Master of Arts in Higher Education Postgraduate Diploma in Learning and Teaching in Higher Education

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M
aster of
A
rts

in Higher Education

Postgraduate Diploma in Learning and Teaching in
Higher Education

[Please be aware there is a separate, more detailed programme
handbook for the Postgraduate Certificate in Learning and Teaching in
Higher Education]





20
1
1
/
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Th
e University of Worcester
is committed to ensuring that disabled people, including
those with specific learning difficulties and/or mental health difficulties are treated
fairly. Reasonable adjustments to provision will
be made to ensure that disabled
students and other disabled people are not disadvantaged. This handbook can be
provided in a variety of formats upon request.


This handbook is for advice and guidance only and is not a substitute for the formal
Academic Re
gulations and Procedures of the University of Worcester. In case of any
conflict these formal statements and requirements take precedence over the
handbook.


Every effort has been made to ensure the accuracy of the information contained in
the handbook at
the time of publication. The University reserves the right to change
the information given at any time.



©
20
10

University of Worcester



2



Welcome to the
Academic Development and Practice Unit and
on to the
Masters

in Higher Education.



I am delighted to welcome you to the
ADPU

and the University
and wish you every success as you start this new course.


The aim of the Academic Development and Practice Unit is to work closely with
institutes and
departments to help the University provide an outstanding student experience. We do this by
helping HE practitioners to:





engage with the nature of


learning in all its forms,



provide excellent inclusive learning, teaching and assessment and



reflect on HE practice and take on new developments.

While believing that the underpinning of an excellent inclusive education is outstanding
practitioners; the Unit also recognises that promoting an excellent experience requires effective
mechanism to pr
omote appropriate curriculum design, management and quality enhancement.
The Unit thus, actively engages in helping departments to, develop new programmes, take on
new initiatives and use monitoring and enhancement processes.

As a key part of our work we
offer the
Masters

in Higher Education. This programme offers
participants the opportunity to gain knowledge, un
derstanding and capabilities across many
aspects of academic practice
.


The programme seeks to develop practitioners with clear
professional values, who understand teaching as facilitating learning and who are constantly
seeking to improve their practice in a reflective and theoretically informed way. The programme is
accre
dited
as part of the Staff and Educational Development Association’s Professional
Development Framework [SEDA
-
PDF]
and elements of the MA in HE are accredited against all
three levels of the Professional Standards for teaching and supporting learning in HE
.


The first module of the MA in HE
,

MEDD4144 supporting student learning in Higher Education

,
can
be taken as a stand
-
alone unit. It offers participants the opportunity to gain accreditation at
level 1 of the UK Professional Standards for teaching and
supporting learning in HE.


It is aimed
particularly at those for whom supporting student learning is a small part of their full role,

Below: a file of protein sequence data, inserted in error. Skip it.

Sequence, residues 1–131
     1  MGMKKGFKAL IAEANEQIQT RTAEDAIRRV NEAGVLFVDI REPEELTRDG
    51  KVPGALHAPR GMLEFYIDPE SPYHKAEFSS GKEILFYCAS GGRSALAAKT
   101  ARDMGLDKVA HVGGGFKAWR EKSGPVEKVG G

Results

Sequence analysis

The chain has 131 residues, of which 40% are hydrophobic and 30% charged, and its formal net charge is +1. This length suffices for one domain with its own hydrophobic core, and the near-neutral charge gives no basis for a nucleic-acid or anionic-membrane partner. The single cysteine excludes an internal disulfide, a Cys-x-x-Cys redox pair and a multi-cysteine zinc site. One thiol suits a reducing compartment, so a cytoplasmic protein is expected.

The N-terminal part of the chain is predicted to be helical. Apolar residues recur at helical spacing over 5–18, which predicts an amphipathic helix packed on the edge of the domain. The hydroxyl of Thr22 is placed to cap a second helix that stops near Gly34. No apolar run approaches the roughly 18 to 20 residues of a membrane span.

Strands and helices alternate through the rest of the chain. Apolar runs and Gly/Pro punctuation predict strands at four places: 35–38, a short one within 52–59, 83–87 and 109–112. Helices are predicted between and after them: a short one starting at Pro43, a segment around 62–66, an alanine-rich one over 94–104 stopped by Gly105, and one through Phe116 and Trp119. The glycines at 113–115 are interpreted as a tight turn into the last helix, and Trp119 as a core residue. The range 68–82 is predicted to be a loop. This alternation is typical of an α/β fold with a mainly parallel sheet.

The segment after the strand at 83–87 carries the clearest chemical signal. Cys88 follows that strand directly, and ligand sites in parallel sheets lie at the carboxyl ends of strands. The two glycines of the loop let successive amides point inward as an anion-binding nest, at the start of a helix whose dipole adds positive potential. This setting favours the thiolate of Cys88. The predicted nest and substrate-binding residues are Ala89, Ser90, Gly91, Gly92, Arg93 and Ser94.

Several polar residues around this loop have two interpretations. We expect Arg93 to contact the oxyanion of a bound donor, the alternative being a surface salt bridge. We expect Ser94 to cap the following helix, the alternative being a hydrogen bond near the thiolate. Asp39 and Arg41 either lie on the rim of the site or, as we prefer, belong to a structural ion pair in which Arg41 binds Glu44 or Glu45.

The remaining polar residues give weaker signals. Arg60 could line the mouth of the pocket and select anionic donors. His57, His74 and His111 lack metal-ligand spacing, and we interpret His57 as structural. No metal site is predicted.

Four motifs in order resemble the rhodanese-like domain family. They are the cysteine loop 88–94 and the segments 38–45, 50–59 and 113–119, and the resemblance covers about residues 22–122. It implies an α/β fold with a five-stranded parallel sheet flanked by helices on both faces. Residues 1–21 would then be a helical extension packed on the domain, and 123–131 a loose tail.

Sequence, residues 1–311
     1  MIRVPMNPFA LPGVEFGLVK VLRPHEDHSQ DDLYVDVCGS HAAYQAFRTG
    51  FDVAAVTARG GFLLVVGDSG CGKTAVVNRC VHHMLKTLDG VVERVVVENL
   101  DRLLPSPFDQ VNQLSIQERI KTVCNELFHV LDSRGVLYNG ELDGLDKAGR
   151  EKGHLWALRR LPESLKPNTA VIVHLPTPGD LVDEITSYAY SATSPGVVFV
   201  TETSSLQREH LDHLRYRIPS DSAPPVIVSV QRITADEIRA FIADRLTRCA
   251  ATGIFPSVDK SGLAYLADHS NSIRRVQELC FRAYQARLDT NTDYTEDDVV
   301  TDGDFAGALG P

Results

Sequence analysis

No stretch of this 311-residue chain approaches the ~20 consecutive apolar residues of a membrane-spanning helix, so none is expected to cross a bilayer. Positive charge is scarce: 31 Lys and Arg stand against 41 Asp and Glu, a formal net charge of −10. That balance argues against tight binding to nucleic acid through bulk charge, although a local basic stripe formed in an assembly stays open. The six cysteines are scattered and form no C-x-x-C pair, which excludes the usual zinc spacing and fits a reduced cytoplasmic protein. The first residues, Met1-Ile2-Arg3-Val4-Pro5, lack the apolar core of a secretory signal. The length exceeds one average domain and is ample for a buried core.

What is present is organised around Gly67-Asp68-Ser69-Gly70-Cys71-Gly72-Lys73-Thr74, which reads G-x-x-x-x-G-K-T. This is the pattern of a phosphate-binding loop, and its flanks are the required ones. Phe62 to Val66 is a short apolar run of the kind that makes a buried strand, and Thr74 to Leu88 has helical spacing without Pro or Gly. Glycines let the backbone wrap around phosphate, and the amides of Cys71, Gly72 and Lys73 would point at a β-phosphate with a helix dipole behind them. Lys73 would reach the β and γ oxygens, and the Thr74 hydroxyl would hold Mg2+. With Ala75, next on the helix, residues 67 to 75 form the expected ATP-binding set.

e.g.
post
graduate teaching assistants, academic support tutors, ILS staff and hourly paid lecturers.

The full PG Cert in

L&T in HE is accredited against level 2 of the professional standards and the
module MEDD4064 mentoring and coaching
, when taken in addition to the PG Cert

is accredited
against level 3.


You should ensure you read this handbook in conjunction with the
Student Handbook
, a copy of
which you will find via the “My Course Details” tab within your
SOLE

page
.


Dr John Peters

Programme leader for the
Mas
ter of Arts

in Higher Education





3


Contents



SECTION 1: OPERATION OF THE COURSE

SEMESTER AND KEY DAT
ES 2011
-
12

................................
.........................

5

WHO’S WHO IN THE ACA
DEMIC DEVELOPMENT AN
D PRACTICE UNIT
.

6

1.

PROGRAMME INFORMATIO
N

................................
..............................

7

2. EDUCATIONAL AIMS
OF THE PROGRAMME…
…………………………

3. INTENDED LEARNING

OUTCOMES

AND VALUES………………………


4. LEARNING AND TEACHING METHODS
……………………………………


5
. AD
MISSION POLICY, CRITERIA and PROC
EDURES
…………………….


6
. PROGRAMME STRUCTURES AND REQUIREMENTS
……………………

7.

YOUR
COURSE IN CONTEXT: P
ROFESSIONAL AWARDS

.............

13

8.

MANAGEMENT OF YOUR C
OURSE

................................
..................

23

Personal Tutors

................................
................................
................................
................................
.....

23

Personal Development Planning

................................
................................
................................
..........

23

9.

COURSE ADMINISTRATIO
N

................................
...............................

23

Course Notices

................................
................................
................................
................................
......

24

SOLE Pages

................................
................................
................................
................................
...........

24

Registry Services

................................
................................
................................
................................
...

24

10.

ASSESS
MENT

................................
................................
.....................